World's first all-robotic surgery performed in Canada

Would you agree to an operation by robotic surgeons named "DaVinci" and "McSleepy"? One patient did, allowing Canadian doctors to perform the world's first all-robotic surgery.
Written by Andrew Nusca, Contributor

Canadian physicians have successfully performed the world's first completely robotic surgery and anesthesia.

Specialists from McGill University used the DaVinci surgical robot -- which, as you might suspect, lets surgeons work from remote locations --  alongside an anesthesia robot nicknamed "McSleepy" (itself the world's first robot for the task) to perform the surgery on a prostatectomy patient at Montreal General Hospital.

The doctors said the exercise was inevitable, since medical robots have proven themselves to be more precise and safe than humans.

“The DaVinci allows us to work from a workstation operating surgical instruments with delicate movements of our fingers with a precision that cannot be provided by humans alone,” said urologist-in-chief A. Aprikian in a statement.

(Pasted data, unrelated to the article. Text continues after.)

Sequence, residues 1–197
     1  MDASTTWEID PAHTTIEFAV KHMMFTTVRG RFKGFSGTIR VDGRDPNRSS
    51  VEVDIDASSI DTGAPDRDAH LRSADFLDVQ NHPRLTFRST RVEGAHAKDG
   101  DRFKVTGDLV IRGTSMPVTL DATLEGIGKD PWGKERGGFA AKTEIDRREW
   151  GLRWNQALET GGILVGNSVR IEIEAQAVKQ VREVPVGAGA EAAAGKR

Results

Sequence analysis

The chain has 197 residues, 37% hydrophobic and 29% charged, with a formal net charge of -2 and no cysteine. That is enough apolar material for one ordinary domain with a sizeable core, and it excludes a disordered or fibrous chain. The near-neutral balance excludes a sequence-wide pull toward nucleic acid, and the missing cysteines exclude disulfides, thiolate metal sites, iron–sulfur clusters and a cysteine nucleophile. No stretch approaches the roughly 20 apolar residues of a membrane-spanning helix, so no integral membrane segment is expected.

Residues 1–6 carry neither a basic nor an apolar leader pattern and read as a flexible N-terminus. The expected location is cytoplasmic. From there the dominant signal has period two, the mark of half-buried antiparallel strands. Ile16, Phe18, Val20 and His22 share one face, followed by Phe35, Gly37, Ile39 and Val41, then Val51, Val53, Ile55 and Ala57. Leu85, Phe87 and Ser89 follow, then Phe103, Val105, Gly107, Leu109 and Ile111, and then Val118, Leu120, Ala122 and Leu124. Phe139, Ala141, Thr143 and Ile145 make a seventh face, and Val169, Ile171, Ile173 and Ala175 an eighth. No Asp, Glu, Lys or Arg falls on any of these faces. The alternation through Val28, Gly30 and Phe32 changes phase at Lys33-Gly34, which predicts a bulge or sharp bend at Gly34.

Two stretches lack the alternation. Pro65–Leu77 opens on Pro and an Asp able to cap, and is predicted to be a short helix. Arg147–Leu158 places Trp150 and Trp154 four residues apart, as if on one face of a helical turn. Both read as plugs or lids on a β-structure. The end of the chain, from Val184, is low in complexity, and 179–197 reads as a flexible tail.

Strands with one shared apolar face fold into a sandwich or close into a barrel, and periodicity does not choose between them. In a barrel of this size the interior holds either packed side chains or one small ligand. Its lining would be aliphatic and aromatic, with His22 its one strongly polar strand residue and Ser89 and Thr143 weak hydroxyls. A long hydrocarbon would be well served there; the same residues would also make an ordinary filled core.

The team of surgeons operated the robots' arms from a dedicated workstation offering high-definition, three-dimensional video of the operating room.

Despite the robots' large footprint in the room, the surgeons said automated anesthesia is a welcome addition, allowing for fine-tuning in an otherwise very sensitive job. After all, not enough anesthesia means pain for the patient; similarly, too much can be fatal.

Their surgical success in using both robots opens the door for more testing at a larger scale for different kinds of patients and types of surgery.

This post was originally published on Smartplanet.com

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